It is recommended to decrease the intensity and duration of your exercise routine while recovering from hypothalamic amenorrhea. This may involve taking rest days, incorporating more low-impact activities such as walking or yoga, and reducing the overall volume of exercise. It is also important to fuel your body adequately before and after exercise with carbohydrates, protein, and healthy fats.
It’s important to remember that every person’s needs and situations are unique, and what works for one person may not work for another. To learn more about how to approach exercise during recovery I’d check out the following episodes:
- Episode 163 The 7 Fitness Myths You Need to Stop Believing
- Episode 132. Is it unhealthy to stop exercising in HA or ED recovery?
- Episode 118. Best and Worst Workouts for Hypothalamic Amenorrhea Recovery
- Episode 95: How to know if you have an unhealthy relationship with exercise (plus how to fix it)
Next up, let’s talk about stress. I want to do this by answering the question that I often get which is: Can stress management techniques help with hypothalamic amenorrhea recovery?
Again the answer is yes, stress management techniques can help with hypothalamic amenorrhea recovery. Stress can negatively impact the reproductive system by disrupting the hypothalamic-pituitary-ovarian axis, which controls the menstrual cycle. When the body is under stress, it releases cortisol, a hormone that can interfere with the production of reproductive hormones such as estrogen and progesterone.
Incorporating stress management techniques such as mindfulness, deep breathing, yoga, meditation, and adequate sleep can help reduce cortisol levels and improve hormonal balance. Additionally, taking steps to reduce stress in daily life, such as simplifying schedules, setting boundaries, and avoiding overcommitting, can also be helpful.
It’s important to note that stress management alone may not be enough to fully recover from hypothalamic amenorrhea. Other factors such as nutrition, adequate calorie intake, and appropriate exercise also play important roles in recovery. A comprehensive approach that addresses all of these factors is usually most effective in restoring menstrual cycles and overall health. If you want more information on stress and HA I’d check out episode 167 titled The Relationship Between Stress and Hypothalamic Amenorrhea Recovery
The last question that I’m going to be tackling today is: What are the long-term health implications of hypothalamic amenorrhea if left untreated?
If hypothalamic amenorrhea is left untreated, it can lead to several long-term health implications. Since estrogen plays a critical role in maintaining bone density, women with hypothalamic amenorrhea are at an increased risk of osteoporosis and bone fractures.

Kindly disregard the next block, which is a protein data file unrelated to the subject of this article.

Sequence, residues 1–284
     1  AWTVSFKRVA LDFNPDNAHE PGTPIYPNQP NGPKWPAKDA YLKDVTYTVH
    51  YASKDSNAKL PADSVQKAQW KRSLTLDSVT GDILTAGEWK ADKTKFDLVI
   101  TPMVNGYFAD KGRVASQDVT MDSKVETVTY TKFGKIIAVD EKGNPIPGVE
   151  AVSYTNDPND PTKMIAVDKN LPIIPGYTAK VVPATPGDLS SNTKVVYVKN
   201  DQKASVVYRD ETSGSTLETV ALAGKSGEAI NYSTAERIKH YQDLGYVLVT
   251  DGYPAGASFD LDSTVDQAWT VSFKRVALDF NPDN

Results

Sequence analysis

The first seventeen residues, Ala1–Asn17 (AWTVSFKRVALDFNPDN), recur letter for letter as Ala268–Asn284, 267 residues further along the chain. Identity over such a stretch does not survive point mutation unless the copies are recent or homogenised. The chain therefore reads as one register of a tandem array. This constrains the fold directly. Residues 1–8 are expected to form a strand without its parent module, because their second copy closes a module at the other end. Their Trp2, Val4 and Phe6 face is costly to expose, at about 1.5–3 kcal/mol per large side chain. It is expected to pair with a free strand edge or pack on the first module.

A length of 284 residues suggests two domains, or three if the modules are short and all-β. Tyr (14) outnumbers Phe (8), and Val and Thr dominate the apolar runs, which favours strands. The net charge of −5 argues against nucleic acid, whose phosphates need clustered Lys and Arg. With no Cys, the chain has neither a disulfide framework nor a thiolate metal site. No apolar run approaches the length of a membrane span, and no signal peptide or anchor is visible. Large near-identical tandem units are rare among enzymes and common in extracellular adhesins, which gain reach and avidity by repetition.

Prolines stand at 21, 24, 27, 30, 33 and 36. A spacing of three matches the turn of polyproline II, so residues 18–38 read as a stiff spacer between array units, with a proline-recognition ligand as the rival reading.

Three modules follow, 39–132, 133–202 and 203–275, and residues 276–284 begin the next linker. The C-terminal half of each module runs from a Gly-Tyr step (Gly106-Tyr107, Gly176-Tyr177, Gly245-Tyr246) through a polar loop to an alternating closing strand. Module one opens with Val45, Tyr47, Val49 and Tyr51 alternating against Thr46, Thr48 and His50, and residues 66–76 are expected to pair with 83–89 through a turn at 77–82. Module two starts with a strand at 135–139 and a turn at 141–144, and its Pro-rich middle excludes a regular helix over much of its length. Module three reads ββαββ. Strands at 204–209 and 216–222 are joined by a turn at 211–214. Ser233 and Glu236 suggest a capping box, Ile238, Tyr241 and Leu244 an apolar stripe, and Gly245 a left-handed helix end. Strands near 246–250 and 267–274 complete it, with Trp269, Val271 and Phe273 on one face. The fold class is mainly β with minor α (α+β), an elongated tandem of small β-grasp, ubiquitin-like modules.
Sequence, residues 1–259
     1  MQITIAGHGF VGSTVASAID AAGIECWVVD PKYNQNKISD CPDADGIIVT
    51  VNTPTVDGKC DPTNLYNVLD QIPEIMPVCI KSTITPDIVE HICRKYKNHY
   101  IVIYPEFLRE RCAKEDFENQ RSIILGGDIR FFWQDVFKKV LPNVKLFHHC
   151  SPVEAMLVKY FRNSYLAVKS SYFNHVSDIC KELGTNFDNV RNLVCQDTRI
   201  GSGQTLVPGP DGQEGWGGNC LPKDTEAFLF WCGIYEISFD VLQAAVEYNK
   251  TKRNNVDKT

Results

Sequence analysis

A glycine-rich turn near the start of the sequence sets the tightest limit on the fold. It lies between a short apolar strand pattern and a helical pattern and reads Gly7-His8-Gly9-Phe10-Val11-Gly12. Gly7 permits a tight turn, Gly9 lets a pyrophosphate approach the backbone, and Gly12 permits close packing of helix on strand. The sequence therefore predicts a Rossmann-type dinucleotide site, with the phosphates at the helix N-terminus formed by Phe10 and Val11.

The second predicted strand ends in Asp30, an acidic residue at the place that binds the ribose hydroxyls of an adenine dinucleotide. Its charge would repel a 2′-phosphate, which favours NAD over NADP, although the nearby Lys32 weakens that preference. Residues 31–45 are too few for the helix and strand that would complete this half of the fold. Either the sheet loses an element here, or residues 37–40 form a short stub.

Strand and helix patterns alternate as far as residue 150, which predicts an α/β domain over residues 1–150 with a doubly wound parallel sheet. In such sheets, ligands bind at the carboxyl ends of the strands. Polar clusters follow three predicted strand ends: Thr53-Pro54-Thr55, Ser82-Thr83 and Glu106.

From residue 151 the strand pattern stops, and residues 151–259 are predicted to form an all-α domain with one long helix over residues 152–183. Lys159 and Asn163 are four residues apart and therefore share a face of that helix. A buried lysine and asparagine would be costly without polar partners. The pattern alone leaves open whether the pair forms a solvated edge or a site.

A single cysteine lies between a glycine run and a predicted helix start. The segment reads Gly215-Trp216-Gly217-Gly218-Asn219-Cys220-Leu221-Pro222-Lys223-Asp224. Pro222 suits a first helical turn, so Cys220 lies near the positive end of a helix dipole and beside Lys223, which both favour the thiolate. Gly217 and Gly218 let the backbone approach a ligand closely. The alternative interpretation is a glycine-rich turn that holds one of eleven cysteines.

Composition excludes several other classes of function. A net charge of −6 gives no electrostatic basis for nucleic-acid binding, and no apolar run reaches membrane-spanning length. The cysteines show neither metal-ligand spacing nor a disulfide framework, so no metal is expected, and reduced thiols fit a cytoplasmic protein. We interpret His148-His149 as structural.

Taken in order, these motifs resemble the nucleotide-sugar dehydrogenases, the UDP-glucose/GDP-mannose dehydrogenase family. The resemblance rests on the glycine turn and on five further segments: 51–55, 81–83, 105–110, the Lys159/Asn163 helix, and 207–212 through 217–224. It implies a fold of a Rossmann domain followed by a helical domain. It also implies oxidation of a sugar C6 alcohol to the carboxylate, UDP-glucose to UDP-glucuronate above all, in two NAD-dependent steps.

Hypothalamic amenorrhea can also have implications for cardiovascular health, as low estrogen levels have been linked to increased risk of heart disease.
In addition, hypothalamic amenorrhea can have an impact on fertility. If ovulation is not occurring, pregnancy cannot happen naturally. This can be distressing for women who want to conceive.
It’s also worth noting that hypothalamic amenorrhea can impact mental health. The stress and anxiety associated with infertility and the impact on body image can be challenging for many women. In addition, the lack of estrogen can cause symptoms such as hot flashes, night sweats, and vaginal dryness, which can negatively impact quality of life.
Similar to my other answers today, I go into these impacts in much more detail in episode 81 titled “ The Hidden Health Impacts of Hypothalamic Amenorrhea” so go and check that out if you want more in depth information on the health consequences.
I hope this episode has helped answer some of your burning questions about hypothalamic amenorrhea and empowered you to take the necessary steps towards recovery.
Remember, recovery is not just about getting your period back, it’s about healing your relationship with food, exercise, and your body. It’s a journey that requires patience, perseverance, and self-compassion. You are not alone in this, and there is support available to you. Keep in mind that everyone’s recovery journey is unique, and it’s important to work with a qualified healthcare professional to create an individualised plan that meets your specific needs. Thank you for listening, and I wish you all the best on your road to recovery.
If you’re wanting some extra support in your recovery I encourage you to check out our Healing HA Program below.